‘Na specie de cadavere lunghissimo - Foto di Filippo Manzini

"Something Like a Very Long Cadaver" - 2004

from an idea by Fabrizio Gifuni (based on texts by Pier Paolo Pasolini and Giorgio Somalvico)

directed by Giuseppe Bertolucci

with Fabrizio Gifuni

lighting design: Cesare Accetta

technical director and sound: Paolo Gamper

produced by: Teatro delle Briciole-Solares Fondazione delle Arti

tour organized by Natalia Di Iorio

1^ rappresentazione: Napoli, Teatrino dell’Accademia di Belle Arti  – 4 febbraio 2004

Parma, Teatro al Parco – febbraio 2004

Pisa, Carrara – febbraio 2004

Rome, Teatro India – dal 6 al 17 aprile 2005
Pavia, Teatro Fraschini – ottobre 2005
Parma, Teatro al Parco – ottobre 2005
Rome, Teatro Valle – dal 23 al 27 novembre 2005

Milan, Palazzo della Ragione (per la stagione del Teatro Franco Parenti) – dal 1 al 12 febbraio 2006

Lecce, Teatro Politeama Greco – 22 e 23 febbraio 2007

Rome, Teatro Valle – dal 17 al 21 novembre 2010

Milan, Teatro Franco Parenti – dall’11 al 23 gennaio 2011

Rome, Teatro Vascello – dal 29 al 31 gennaio 2013
Rome, Teatro Vascello – dal 1 al 3 febbraio 2013
Firenze, Teatro della Pergola – dal 3 all’8 dicembre 2013
Pordenone, Teatro Comunale Giuseppe Verdi – 11 dicembre 2013
Parma, Teatro al Parco – 13 e 14 dicembre 2013

Chiasso (Como), Cinema Teatro Chiasso – 11 gennaio 2014
Terni, Teatro Secci – dal 31 gennaio al 1 febbraio 2014

Reggio Emilia, Teatro Cavallerizza – dall’1 al 3 dicembre 2015

Notes about the show

"For Heraclitus, the world is nothing more than an illusory tissue of opposites. Each pair of opposites is an enigma, whose dissolution is unity, the God behind it all. "I still find in these words something that comes very close to that deep sense of mystery that includes the life, work and death of Pier Paolo Pasolini. A few years ago when I began to think about the idea of a show about Pasolini, it was in terms of opposition that my instinct was moving: father and son, nature and art, victim and perpetrator, were just some of the contradictions that continually came up along the way. But also darkness and light, violence and gentleness, Dr. Jekyll and Mr. Hyde. Of course, the political urgency was equally strong: so strong – In these dark times – that it threatened to overwhelm everything. The river is rising dangerously and may overflow its embankments. Every day that passes. There was also a desire to recount the public and private tragedy of a poet who had seen disappear in a mere three decades the only world in which he wanted to be recognized. The piercing, despairing cry of a man howling in the desert against the immorality and blindness of the old power that was opening the way to a New Power – a new fascism – “the most powerful and totalitarian that has ever been.” But also the very private tragedy of a man who, by virtue of the same political and anthropological policy that he saw befalling Italy, no longer recognized the ‘bodies’ of his beloved boys, who seemed to transform – before his eyes – from “likeable ruffians” into “spectral killers”. His beloved “riccetti” were doing an about-face: from innocence to crime. But that phrase, written by Giorgio Colli in his Birth of Philosophy in 1975, the very year of the death of the Casarsa poet but referring to the great sage of Ephesus, continued to spin its web like an invisible spider. And reading Petrolius (Petroleum) – a reckless journey through the ultimate labyrinth – took me back once again to that shadowy line: Carlo di Polis and Carlo di Tetis, protagonists in the unfinished novel, returned to shatter the ‘id (ego?)’. Like Paul of Tarsus. Like Paul of Casarsa. At the center of the maze was the foul beast. But it was nothing but the image of the hero reflected in a mirror. Moving to Una Nuova Gioventù (A New Youth), Narcissus, after endless dances, sank into his watery mirror. “I am a viola and an alder tree, the dark and the pale flesh…”, “I am black with love, neither Saint nor Devil…” “I am a priest and a free man, two excuses for not living…”. The shattering of, and obsession with, identity came back to move me. “We are, therefore, a single person (dissociation is the structure of structures: / the doubling of the character into two / is the greatest literary invention)” the poet states in Bestia da Stile (A Beast with Style). God is day night, winter summer, war peace, satiety hunger,” wrote Heraclitus in one of his fragments. I only had to follow the flow of the water.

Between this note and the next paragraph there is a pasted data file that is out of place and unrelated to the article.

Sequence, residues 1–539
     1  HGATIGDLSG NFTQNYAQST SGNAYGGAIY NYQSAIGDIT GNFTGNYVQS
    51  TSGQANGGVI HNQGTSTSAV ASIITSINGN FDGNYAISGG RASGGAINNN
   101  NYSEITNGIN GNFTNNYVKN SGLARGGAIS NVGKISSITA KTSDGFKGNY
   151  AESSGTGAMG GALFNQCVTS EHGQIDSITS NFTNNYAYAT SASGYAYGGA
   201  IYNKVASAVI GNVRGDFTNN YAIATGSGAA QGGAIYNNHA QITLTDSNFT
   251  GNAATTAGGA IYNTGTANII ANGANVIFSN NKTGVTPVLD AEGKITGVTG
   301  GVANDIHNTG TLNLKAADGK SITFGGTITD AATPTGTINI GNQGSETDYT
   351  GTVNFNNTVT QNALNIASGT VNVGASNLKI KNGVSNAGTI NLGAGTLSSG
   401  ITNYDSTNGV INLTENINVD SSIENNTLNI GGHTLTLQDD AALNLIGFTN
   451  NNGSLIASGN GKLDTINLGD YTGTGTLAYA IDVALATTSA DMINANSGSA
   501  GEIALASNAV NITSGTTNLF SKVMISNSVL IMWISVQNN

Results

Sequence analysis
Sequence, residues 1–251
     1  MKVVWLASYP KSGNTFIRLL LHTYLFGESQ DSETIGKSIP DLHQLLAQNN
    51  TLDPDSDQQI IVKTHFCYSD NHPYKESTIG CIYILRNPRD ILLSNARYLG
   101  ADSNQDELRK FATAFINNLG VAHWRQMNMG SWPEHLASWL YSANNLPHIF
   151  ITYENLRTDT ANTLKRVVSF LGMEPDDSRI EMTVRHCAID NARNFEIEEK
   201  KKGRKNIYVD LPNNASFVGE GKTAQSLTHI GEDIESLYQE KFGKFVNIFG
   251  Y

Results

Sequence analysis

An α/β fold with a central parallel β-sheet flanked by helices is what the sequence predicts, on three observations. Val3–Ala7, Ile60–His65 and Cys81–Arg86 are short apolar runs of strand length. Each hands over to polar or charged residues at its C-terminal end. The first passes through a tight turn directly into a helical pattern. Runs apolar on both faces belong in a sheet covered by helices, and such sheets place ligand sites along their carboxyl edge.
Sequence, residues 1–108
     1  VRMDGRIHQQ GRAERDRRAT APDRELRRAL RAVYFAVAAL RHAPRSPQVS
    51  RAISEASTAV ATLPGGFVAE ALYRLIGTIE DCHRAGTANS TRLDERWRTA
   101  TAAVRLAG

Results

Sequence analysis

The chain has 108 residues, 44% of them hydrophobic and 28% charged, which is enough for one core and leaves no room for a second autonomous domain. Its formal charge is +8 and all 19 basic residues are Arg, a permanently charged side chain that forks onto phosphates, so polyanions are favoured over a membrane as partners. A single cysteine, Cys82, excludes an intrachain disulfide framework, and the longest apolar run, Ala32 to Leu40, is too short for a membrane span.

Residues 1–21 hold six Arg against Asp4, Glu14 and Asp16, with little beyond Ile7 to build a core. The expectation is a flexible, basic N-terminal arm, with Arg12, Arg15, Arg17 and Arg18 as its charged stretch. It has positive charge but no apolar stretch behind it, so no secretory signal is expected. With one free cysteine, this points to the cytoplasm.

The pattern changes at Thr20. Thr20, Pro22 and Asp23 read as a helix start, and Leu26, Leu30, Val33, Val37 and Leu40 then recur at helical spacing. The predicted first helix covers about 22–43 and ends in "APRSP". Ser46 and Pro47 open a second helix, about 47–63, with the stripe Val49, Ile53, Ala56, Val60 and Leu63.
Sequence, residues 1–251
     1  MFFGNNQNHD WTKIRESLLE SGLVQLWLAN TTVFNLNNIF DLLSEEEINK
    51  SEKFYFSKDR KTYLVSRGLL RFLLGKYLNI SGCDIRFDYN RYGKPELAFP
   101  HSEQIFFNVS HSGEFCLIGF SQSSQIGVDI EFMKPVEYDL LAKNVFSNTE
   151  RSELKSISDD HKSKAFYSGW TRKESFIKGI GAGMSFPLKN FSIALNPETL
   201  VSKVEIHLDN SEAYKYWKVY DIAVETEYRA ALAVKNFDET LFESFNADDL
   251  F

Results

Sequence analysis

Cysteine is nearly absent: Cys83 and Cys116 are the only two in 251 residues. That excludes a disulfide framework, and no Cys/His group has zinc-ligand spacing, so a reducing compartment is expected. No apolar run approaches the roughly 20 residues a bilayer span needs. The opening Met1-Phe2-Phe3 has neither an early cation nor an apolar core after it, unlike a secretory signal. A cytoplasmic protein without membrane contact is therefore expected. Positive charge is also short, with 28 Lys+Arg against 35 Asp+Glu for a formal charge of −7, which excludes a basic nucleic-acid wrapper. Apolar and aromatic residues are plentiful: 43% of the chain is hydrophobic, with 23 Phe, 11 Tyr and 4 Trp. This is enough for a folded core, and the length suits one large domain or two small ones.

Fabrizio Gifuni